From the Web
More on Vibe
Cardi B welcomed Bernie Sanders for an Instagram Live discussion on Tuesday (April 14). The duo covered the economic and health crises caused by the coronavirus pandemic, President Donald Trump’s response to the outbreak, Joe Biden's presidential bid, priorities for young voters, and more.
“Listen, I don’t talk like a CNN corespondent and don’t use all this fancy vocabulary but I do give you THE REAL while entertaining you at the same time to keep your attention on what’s important,” Cardi wrote on Instagram on Wednesday (April 15). “I have a platform of 62.7 million followers and yesterday my live had 133k viewers and almost a million people tuned in. I just want to bring awareness to what’s going on in our country and around the world.”
The “Money” rapper added that her goal is to “make sure all my followers are AWARE and make a CHANGE! WE HAVE THE POWER TO MAKE A CHANGE!”
View this post on Instagram
Listen I don’t talk like a CNN corespondent and I don’t use all this fancy vocabulary but I do give you THE REAL while entertaining you at the same time to keep your attention on what’s important. I have a platform of 62.7 million followers and yesterday my live had 133K viewers and almost a million people tuned in. I just want to bring awareness to what’s going on in our country and around the world. I want to make sure all my followers are AWARE and make a CHANGE! WE HAVE THE POWER TO MAKE A CHANGE! And a special thank you to Bernie, you’ll always be my favorite candidate!
Cardi has had discussed social and political topics with Sanders in the past. The Bronx native endorsed the Vermont senator’s 2020 presidential campaign, partnered with for a campaign video last year, and referred to him as “Uncle Bernie” on Instagram Live.
See more from Bardi’s most recent talk with Sanders below.
Sen. @BernieSanders joined @IamCardiB for a frank conversation about why he endorsed Joe Biden and how the country can heal during COVID-19 pic.twitter.com/P3XDBCqSph
— NowThis (@nowthisnews) April 15, 2020
Barack Obama is potentially passing the torch over to his onetime vice president in his bid for president. The former commander in chief officially endorsed Joe Biden in a 12-minute video message posted on Twitter on Tuesday (April 14).
Obama opened with a statement on the global pandemic where he thanked medical professionals, public servants, health officials, “workers taking risks everyday to keep our economy running,” and everyone making sacrifices during the viral outbreak.
“But if there’s one thing we’ve learned it’s that the spirit of looking out for each other can’t be restricted to our homes, or our work places, or our neighborhoods, or our houses of worship, it also has to be reflected in our national government,” said Obama. “The kind of leadership that’s guided by knowledge and experience, honesty and humility, empathy and grace. That kind of leadership doesn’t just belong in our state capitals and mayors offices, it belongs in the White House. That’s why I’m so proud to endorse Joe Biden for president of the United States.”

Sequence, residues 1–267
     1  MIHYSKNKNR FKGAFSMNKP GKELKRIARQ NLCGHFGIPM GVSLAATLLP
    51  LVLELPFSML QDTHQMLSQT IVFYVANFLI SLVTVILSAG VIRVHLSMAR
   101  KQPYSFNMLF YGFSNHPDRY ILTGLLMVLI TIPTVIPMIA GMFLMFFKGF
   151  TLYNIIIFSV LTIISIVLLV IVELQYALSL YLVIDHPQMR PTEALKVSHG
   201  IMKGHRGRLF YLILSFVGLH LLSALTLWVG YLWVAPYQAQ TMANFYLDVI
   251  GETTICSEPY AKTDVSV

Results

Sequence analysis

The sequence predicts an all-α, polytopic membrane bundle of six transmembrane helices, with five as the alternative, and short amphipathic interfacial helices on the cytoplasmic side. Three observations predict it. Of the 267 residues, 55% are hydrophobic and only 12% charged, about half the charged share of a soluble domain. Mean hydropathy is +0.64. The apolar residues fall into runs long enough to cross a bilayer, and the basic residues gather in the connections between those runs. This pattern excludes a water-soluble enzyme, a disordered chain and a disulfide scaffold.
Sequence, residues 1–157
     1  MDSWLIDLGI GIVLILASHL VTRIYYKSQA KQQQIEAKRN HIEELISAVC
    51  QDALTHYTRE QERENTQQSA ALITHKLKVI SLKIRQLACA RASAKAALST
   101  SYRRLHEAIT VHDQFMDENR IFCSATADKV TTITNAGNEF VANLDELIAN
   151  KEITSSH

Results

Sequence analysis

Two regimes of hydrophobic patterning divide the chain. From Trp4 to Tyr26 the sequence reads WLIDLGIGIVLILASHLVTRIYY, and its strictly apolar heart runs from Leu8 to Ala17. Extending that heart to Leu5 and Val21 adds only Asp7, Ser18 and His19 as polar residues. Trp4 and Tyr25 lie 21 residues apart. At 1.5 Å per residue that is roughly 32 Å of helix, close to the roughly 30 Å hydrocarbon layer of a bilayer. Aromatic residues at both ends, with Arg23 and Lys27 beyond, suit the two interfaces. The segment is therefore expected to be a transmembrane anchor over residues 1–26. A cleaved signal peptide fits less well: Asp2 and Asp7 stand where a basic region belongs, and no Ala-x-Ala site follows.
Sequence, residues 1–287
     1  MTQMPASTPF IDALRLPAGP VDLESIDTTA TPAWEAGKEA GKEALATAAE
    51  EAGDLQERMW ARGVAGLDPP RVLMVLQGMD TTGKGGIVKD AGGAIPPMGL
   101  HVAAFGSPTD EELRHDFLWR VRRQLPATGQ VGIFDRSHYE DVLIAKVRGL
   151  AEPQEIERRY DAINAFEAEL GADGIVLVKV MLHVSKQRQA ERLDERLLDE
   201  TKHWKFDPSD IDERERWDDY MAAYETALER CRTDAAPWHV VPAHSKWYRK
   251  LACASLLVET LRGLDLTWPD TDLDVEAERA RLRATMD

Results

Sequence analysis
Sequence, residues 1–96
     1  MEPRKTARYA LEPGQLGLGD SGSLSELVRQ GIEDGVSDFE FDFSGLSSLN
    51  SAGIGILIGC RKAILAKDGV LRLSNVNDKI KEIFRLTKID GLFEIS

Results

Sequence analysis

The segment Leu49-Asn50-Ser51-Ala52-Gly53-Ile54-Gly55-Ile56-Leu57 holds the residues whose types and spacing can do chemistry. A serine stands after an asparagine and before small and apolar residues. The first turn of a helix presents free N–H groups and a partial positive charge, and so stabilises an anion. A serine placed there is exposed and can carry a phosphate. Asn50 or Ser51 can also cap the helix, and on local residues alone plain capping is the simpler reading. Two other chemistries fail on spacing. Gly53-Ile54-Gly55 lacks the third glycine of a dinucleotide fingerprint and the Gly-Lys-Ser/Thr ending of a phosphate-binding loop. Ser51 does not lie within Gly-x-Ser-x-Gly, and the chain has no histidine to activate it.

Obama added that picking Biden for VP was one of his best decisions. “I believe Joe has all the qualities we need in a president right now.”
Biden is the presumed Democratic nominee after Bernie Sanders dropped out of the presidential race last week, and endorsed his former opponent.
Watch Obama’s full endorsement below.
I’m proud to endorse my friend @JoeBiden for President of the United States. Let's go: https://t.co/maHVGRozkX
— Barack Obama (@BarackObama) April 14, 2020
Bernie Sanders had decided to drop out of the 2020 presidential campaign, he announced today (April 8).
The Vermont senator's 2020 election started off strong. He barely missed first place in Iowa before excelling in New Hampshire and Nevada. Also, Sanders campaign continued to bring in millions in donations and filled rallies with supporters.
Running as a progressive against Hillary Clinton in 2016, Sanders popularized the plan for Medicare for All. In 2020, however, many candidates ran on similar policies, and he faced another prominent progressive in Sen. Elizabeth Warren, who was the first to propose canceling some student debt in April. Warren surged above Sanders in the fall, before he suffered a heart attack in October.
Sanders 2020 bid, saw him working to gain more support among Latino voters. But despite years of support among the Black community, the senator failed to earn large votes. He also lost some of his white working-class supporters to Biden.
Sanders also hit a roadblock with women voters, after facing accusations of sexism in January after tensions between his and Warren's campaigns spilled out into the open. For the most part, Sanders and Warren were allies while campaigning for the nomination, however leaks to the media of both senators accusing the other camp of dirty tricks concluded with Warren saying in a statement that Sanders once told her he didn't think a woman could win the presidency.
Sanders denied the claim, but he was flogged with further criticism of his supporters who were dubbed the "Bernie Bros" after female union leaders in Nevada who spoke out against his candidacy said they were attacked by his fans.
Biden capitalized on all of this, and easily won in five of the six states that voted, included Michigan, which was a state Sanders was popular in.
Today I am suspending my campaign. But while the campaign ends, the struggle for justice continues on. https://t.co/MYc7kt2b16
— Bernie Sanders (@BernieSanders) April 8, 2020